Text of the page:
"But now there came from out of the niche a low laugh that erected the hairs upon my head. It was succeeded by a sad voice." The friend asked if this was all a joke: "a very good joke indeed—an excellent jest. We will have many a rich laugh about it." But the final brick was in place, and the friend would die, chained behind the wall, deep in the cellar. Never to be found. The last thing heard from the friend was, "`For the love of God, Montrestor!' `Yes,' I said, `for the love of God.'"

The Lord said to Abraham, "Take now your son, your only son Isaac, whom you love, and go to the land of Moriah, and offer him there as a burnt offering." Abraham split some wood and began traveling the next day. Three days later he saw the place. Abraham told his servants, "The lad and I will go and worship, and we will come back to you." So Abraham took wood, "fire in his hand," and a knife. "Then they came to the place of which God had told him. And Abraham built an altar there and placed the wood in order; and he bound Isaac his son and laid him on the altar, upon the wood. And Abraham stretched out his hand and took the knife to slay his son." For the love of God.

We quickly have to separate this Abrahamic history from that famous Poe story above it, but that's not as easy as it looks. We could say Poe's narrator in "The Cask of Amontillado" clearly intends evil, whereas Yahweh doesn't. But nothing in the biblical text hints at that. The Lord doesn't offer Abraham any winks or qualifications. He doesn't tell Abraham (or the reader), look, this is a test—only a test. In fact, the situation for Poe's narrator seems a little more difficult to judge. It's unclear whether the "friend" Fortunato deserves this or not. Presumably he doesn't, but for all Poe tells us, Fortunato's insults might have been more than just words. He might easily be guilty of a capital offense against the narrator or a family member. We're not told that the narrator is in the wrong. It's left open.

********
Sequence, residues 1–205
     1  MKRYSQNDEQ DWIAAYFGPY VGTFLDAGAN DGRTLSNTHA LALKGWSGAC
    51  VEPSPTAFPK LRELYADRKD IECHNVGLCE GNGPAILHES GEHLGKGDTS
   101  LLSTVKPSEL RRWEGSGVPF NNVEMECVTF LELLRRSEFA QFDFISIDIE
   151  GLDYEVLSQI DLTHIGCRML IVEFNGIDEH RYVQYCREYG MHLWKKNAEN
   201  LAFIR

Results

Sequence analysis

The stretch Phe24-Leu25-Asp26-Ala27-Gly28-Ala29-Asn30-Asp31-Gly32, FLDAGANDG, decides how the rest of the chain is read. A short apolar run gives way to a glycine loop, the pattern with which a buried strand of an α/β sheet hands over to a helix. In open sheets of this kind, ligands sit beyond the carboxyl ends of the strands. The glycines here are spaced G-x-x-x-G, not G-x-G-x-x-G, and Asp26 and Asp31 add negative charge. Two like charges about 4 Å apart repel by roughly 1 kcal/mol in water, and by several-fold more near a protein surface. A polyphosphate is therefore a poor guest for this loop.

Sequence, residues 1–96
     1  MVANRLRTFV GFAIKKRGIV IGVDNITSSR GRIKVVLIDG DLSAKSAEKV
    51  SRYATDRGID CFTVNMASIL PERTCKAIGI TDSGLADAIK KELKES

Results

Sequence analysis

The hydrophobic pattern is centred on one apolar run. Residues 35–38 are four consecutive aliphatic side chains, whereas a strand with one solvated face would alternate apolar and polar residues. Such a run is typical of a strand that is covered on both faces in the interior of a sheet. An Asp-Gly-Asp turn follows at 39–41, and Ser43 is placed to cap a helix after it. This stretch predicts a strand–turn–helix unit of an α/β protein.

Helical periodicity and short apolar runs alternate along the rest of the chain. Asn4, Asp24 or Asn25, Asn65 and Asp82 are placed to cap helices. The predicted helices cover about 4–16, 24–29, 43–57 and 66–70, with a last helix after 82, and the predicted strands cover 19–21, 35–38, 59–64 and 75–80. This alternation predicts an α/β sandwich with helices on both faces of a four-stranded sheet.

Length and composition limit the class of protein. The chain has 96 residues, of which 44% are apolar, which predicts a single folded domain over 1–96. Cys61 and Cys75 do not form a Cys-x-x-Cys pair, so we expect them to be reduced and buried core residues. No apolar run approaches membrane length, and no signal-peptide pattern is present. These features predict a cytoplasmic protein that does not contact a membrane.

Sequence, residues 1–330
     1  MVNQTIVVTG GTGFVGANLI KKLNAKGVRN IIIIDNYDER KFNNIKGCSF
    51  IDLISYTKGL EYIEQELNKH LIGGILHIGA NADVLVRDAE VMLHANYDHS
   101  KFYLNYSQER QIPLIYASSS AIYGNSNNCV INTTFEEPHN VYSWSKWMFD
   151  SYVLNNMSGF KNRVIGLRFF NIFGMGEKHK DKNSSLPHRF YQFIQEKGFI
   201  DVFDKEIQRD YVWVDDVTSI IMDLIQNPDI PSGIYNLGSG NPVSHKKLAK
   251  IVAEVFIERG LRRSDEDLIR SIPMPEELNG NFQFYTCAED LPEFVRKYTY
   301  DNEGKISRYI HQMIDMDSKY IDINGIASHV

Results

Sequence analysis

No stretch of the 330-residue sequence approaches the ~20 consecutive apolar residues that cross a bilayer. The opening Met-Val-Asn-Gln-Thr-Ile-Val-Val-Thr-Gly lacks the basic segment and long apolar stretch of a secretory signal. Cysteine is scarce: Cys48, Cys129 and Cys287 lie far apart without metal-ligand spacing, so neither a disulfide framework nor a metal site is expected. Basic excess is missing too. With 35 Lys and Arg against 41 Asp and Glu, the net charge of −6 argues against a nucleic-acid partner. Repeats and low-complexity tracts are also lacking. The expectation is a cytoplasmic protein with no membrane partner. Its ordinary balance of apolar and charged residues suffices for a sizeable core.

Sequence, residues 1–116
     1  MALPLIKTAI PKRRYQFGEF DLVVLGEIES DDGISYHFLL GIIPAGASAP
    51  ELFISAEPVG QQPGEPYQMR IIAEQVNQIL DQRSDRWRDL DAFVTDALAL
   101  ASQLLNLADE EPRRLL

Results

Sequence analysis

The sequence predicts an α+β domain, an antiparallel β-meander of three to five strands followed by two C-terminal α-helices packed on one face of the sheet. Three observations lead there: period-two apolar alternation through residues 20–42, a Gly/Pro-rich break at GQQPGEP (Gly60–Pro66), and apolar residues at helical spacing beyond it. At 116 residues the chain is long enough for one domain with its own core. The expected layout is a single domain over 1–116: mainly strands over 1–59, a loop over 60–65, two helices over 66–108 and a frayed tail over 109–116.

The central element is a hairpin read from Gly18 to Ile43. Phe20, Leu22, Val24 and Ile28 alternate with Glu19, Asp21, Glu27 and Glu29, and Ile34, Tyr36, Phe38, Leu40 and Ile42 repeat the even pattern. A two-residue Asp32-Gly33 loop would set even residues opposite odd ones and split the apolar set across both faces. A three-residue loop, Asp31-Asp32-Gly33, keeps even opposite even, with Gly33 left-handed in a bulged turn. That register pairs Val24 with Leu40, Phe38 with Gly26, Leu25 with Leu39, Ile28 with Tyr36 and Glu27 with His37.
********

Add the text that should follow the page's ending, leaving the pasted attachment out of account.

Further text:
The biblical text is less ambiguous and more frightening. Without qualification, the Lord commands Abraham to commit an obvious abomination, passing Isaac through fire. In Leviticus, the same Lord says, "you shall not let any of your descendants pass through the fire to Molech, nor shall you profane the name of your God" (18:21; cf. 20:3). What has happened? It seems as if the character of God folded into some dark void. Has He given up on the promises? Has He given up on being God?

It's too easy to read the happy ending into the early part of Abraham's story. We now know the ending, so we domesticate the entire story, turning it into a rounded tale. We kill its horror. But actually to hear the original command would make most people suicidal. What hope is there if God Himself has become madness? It is an apocalyptic command. The core is exploding. The center has given way, the promises have split apart, God has decapitated Himself.

Perhaps Poe's narrator is morally insane, but God clearly is. And both use deception. Poe tricks Fortunato down into the cellar on the ruse of using his expertise to evaluate some wine. As they travel deeper and deeper into the earth, the narrator feigns worry about the potassium nitre polluting the air; it's making Fortunato cough more and more. "`Come,' I said, with decision, `we will go back; your health is precious. . . . You will be ill, and I cannot be responsible.'" All while planning to murder him. Yahweh isn't straight either. To say that Yahweh was perfectly explanatory would mean that he actually planned to have Abraham burn Isaac. But now we can see how the ending of the story heightens its horror. The whole thing is a staged play. Yahweh wants Abraham to work through a fiction. He could have been plain and avoided fiction. He could have just reasoned politely and respectably with Abraham, perhaps laying out a hypothetical ethical dilemma for Abraham to judge. But no, that's some safe god. Yahweh wants the play to run on.